My mother was good at getting the good person discount. 

She took over my grandmother's house, the one that was supposed to be left to her in a will that disappeared.

My parents were separated. My father worked at the fish market and one good thing that came out of all this was that when he visited on weekends we would have lots of seafood. 

My mother was good at making thin air into something edible.

She was basically rehabbing the house alone, I am not sure why because father  had all those skills, I did not.

We lived in a small town, one that was near Scranton, Pa (not sure why anyone would claim Scranton as their own.

It was known for bars, churches, banks and Rite-Aid pharmacies.

So my mother would hire people and they would begin their work and then start the job and not show up. They would go to the bar before church and then become Baptists  in church and then go to the bar after church and pray that God would help them get over how they acted in church. Who knows the troubles they had seen? 

Wars, depression, working in coal mines, just making both ends meet and keeping a roof over your head.

And everything was a crisis. And each time my sister came to visit it seemed we were out of toilet paper and the local news or Sear's Catalog would have to do.

Sears was our Wal-Mart. It had everything including the worst 1970's clothes one could imagine.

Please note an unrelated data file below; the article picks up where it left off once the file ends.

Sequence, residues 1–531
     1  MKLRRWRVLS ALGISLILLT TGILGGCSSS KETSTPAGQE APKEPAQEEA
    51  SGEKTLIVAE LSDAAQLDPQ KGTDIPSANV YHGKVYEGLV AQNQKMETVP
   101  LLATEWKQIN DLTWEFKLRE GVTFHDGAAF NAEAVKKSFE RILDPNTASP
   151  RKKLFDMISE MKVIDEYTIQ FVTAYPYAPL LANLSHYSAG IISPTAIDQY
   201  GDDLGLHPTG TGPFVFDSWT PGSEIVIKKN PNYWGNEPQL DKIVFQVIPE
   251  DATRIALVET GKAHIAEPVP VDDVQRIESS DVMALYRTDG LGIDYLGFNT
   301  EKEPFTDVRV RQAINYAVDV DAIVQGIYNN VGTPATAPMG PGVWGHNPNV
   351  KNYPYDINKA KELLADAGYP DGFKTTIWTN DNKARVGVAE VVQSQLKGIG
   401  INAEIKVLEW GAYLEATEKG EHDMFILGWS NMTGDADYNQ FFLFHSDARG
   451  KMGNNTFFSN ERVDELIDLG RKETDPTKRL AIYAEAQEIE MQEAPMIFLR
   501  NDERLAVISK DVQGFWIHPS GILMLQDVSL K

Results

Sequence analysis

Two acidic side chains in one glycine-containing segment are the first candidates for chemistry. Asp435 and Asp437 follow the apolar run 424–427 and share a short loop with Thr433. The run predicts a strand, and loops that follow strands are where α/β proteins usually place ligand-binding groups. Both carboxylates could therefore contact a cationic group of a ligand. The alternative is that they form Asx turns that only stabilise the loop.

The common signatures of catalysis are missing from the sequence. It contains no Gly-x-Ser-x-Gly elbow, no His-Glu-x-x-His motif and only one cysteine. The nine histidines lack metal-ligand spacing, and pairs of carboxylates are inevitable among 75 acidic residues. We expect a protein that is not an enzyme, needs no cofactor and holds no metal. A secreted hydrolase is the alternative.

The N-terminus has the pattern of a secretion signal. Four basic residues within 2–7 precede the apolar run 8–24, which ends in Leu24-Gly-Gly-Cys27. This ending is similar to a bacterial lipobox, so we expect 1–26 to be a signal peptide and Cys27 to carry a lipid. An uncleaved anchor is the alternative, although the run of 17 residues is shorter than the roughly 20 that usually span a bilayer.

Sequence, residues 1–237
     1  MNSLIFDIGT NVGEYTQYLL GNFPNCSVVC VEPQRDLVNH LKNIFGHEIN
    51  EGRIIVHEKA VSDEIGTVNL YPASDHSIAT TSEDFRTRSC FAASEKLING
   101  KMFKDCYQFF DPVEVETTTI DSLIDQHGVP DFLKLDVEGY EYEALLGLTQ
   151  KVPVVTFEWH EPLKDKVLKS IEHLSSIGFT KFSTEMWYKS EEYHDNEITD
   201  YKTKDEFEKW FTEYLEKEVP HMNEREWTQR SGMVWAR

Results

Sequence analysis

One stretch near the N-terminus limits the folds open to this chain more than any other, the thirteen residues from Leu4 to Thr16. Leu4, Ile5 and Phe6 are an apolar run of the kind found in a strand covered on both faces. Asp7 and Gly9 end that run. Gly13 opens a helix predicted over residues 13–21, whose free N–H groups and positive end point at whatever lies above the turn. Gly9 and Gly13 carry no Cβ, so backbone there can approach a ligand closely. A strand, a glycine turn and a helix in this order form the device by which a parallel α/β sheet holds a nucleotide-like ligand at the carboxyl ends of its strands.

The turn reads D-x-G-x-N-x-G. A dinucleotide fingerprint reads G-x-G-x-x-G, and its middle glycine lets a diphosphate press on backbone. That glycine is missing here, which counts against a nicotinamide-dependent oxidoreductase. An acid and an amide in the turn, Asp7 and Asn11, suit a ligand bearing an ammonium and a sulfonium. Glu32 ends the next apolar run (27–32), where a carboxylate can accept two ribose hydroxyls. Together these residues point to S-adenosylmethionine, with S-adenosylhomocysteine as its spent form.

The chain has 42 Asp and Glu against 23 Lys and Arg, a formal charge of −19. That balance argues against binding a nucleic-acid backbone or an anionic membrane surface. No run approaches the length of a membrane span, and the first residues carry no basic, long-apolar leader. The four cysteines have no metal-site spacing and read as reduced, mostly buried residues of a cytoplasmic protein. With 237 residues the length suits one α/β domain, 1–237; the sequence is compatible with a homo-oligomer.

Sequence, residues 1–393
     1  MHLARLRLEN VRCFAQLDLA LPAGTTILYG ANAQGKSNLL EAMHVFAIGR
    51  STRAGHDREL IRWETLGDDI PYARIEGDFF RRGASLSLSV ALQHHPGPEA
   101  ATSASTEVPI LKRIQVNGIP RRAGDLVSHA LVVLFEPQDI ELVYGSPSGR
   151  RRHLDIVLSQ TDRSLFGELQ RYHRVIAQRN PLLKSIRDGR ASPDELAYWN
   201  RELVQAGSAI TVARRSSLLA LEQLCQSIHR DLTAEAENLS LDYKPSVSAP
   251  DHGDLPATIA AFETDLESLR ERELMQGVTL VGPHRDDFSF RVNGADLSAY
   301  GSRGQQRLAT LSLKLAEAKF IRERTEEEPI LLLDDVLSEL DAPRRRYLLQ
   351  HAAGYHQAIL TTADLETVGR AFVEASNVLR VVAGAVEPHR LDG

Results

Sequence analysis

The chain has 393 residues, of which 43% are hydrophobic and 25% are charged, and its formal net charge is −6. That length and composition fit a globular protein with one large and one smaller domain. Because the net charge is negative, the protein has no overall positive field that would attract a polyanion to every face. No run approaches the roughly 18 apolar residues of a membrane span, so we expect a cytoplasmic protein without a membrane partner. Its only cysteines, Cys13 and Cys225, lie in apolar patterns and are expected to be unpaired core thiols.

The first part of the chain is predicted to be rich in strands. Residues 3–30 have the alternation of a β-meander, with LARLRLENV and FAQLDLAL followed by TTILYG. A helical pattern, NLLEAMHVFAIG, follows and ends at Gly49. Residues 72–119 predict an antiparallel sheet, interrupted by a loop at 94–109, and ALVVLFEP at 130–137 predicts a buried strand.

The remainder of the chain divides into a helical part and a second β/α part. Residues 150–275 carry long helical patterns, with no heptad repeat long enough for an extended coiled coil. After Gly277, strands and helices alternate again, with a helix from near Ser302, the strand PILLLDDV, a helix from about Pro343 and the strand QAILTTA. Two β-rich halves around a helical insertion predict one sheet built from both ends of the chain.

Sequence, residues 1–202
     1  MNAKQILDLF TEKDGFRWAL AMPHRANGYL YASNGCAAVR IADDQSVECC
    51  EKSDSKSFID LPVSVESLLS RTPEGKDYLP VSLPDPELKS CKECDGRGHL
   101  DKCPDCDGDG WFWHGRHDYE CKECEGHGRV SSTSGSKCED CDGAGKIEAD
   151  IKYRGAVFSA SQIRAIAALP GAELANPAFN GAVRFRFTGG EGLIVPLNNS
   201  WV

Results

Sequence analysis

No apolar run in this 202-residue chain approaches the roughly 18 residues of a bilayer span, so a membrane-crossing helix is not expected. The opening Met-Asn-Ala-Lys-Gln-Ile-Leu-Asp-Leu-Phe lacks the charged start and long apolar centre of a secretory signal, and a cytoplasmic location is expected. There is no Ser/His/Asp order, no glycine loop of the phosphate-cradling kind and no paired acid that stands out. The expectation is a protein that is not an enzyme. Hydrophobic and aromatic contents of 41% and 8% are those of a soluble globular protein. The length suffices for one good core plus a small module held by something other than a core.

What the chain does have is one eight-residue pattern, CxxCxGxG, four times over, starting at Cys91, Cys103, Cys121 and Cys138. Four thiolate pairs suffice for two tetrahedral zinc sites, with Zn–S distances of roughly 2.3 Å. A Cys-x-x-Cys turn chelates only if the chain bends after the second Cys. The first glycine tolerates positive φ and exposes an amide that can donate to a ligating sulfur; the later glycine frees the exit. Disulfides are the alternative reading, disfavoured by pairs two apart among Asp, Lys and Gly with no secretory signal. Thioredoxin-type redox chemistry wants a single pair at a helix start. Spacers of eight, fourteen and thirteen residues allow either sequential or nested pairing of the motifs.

Part of me even despised the smell of the store; it smelled like poverty. 

And my mother would go with paint on her hands to the Saint Joseph Novena on Wednesday nights and feel embarrassed and she would let me paint the door before she painted over it.

Watching her from another room and playing with my wiffle bat that became a gun, a helicopter or  anything I could imagine in a freezing cold room with multiple jackets on and enjoying the conversations we had was the norm.

Ever since that time I still enjoy watching others work and perspire. That is probably why they made me a supervisor so many times. 

The cavalry never showed up to help her. It was her Calvary.

She would go to bars and hunt the workers that had left their tools and beg them to finish their work. 

They had other things on their minds, if work truly set them free, why this behavior? What were they being labored by?

And then I thought about what they were calling Hippies at the time. And how they would stop by and always were so polite to my mother. Respect.

And so it came about that we needed a roof. And it was one of the few times that I remember my mother and father in discourse about a project and even involving me.

It was a big deal. These were the times when it took you until retirement until you paid off the car loan and the mortgage. When very little went to waste.